Last week I was at the Australian Archaeological Association annual conference held at Terrigal, NSW.  You know archaeologists, a group of adventurous individuals, doing really adventurous things. I admit it isn’t Vin Diesel but this is somewhat the real life of an archaeologist. When they are not in the field archaeologists spend most of their time writing about being int he field and a part of their time telling other archaeologists what they have been doing.

AAA was three jam packed days of the latest in archaeological research in Australia. What was significant was that this year it was held in conjunction with the Darkinjung Local Aboriginal Land Council. The conference theme was Interwoven: Indigenous and Western Knowledge in Archaeology and Heritage. This theme was chosen to celebrate the growing trend in Australian archaeology for Indigenous knowledge to be incorporated in western ways of understanding the archaeological and heritage record.

There were a wide range of sessions from those concerned with incorporating traditional knowledge into the science of zooarchaeology to the interweaving of archaeological and cultural connections in the mid-north coast area of NSW to a session on translating archaeology into education. Have a look at the Facebook event page.

What I think was really important was there was a focus on how the research that was being undertaken was contributing to communities, to people. There was too much happening for me to do credit to everything. I found the session on Coastal Subsistence in Australia to be brilliant. The work being done to re-visualize submerged landscapes is awesome. Literally, 3D graphics of landscapes that were submerged thousands of years ago are being generated. Another favourite was the session on The Clarence and Richmond River Valleys. I am a landscape geek from way back so seeing how these cultural landscapes and the stories and sites in them are related worked for me. But my pick was the work being done in geophysics and the way that the results from Ground Penetrating Radar (GPR) are impacting management of important archaeological sites and the real world benefits for the Aboriginal communities that are the traditional owners of these lands blew me away. There was also a session on Australian Heritage Legislation. Okay, not as sexy as GPR or cultural landscapes but really important in looking at ways we here in Australia are going to look after and manage our cultural heritage into the future.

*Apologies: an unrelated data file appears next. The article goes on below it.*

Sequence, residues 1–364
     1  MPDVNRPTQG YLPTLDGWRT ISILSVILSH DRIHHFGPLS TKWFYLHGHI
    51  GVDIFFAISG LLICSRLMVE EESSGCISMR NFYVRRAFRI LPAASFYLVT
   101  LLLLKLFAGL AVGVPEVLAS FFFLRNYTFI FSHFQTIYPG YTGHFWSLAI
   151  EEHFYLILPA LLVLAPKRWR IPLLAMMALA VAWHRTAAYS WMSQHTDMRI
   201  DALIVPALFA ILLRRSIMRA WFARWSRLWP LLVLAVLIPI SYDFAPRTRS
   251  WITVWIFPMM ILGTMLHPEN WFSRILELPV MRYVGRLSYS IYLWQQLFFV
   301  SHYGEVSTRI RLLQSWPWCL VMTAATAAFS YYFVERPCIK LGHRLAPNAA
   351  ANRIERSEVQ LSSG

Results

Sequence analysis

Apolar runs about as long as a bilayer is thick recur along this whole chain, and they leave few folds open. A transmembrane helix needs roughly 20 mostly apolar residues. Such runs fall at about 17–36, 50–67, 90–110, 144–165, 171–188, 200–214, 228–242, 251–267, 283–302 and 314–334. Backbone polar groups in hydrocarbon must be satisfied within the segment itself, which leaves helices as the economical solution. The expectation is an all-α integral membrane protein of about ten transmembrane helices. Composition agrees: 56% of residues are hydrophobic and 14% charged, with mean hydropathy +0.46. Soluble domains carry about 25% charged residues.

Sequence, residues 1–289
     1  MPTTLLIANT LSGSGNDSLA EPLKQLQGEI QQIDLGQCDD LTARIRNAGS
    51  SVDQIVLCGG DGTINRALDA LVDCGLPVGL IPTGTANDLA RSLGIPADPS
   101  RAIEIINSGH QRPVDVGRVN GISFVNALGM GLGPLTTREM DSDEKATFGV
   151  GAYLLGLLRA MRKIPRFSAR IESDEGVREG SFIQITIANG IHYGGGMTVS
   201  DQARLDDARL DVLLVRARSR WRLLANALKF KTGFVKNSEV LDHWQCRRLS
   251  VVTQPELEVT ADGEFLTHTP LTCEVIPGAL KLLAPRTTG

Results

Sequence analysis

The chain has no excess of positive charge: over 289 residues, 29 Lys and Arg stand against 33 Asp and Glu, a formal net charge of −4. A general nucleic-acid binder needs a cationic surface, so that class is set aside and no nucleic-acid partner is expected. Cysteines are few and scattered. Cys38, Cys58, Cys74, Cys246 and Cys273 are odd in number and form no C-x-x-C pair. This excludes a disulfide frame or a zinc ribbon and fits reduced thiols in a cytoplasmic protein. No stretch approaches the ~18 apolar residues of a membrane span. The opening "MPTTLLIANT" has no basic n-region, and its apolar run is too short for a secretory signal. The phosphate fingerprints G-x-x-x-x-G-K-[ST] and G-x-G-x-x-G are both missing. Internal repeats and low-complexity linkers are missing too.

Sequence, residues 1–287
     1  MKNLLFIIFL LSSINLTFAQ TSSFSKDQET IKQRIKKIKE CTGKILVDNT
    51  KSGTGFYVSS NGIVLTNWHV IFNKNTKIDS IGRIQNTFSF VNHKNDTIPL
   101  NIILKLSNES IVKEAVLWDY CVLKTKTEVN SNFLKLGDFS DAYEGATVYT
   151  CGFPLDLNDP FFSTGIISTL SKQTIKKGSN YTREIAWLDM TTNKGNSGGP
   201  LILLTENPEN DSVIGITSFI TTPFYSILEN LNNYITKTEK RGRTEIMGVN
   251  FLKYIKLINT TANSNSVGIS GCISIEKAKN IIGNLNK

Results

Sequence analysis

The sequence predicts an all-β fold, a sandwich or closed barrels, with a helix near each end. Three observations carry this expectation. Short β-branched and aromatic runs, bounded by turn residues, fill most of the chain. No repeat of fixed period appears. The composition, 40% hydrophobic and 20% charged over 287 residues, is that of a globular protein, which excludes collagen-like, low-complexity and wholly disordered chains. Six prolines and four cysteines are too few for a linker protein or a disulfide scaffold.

People think that archaeology is a discipline that exists in the past. Although its roots are firmly in the past, the once was; archaeology in Australia is at its core a discipline that represents the stories and culture of the people who are here today. Don’t believe me? The Aboriginal shell midden that gets excavated and tells us how people thousands of years ago subsisted is still an important part of the living culture of its current traditional owners. It represents a link with the past. More than likely it is a burial site; a place where people today can engage with their ancestors. And with archaeologists working with the community the protection and management of such a site can provide a sense of social cohesion, an opportunity for a new generation to understand their past, an opportunity to learn new skills and have a hands on role in protecting their future.

Generally when archaeologists gather in groups it is either a face melting good time and at least one person gets high.

However when I woke up on Friday morning Terrigal didn’t look anything like this so it couldn’t have been too big a night.

Coming up next on Heritage Gest….

They listed what or the 5 things you wouldn’t guess were heritage listed in NSW.

Talk Soon.

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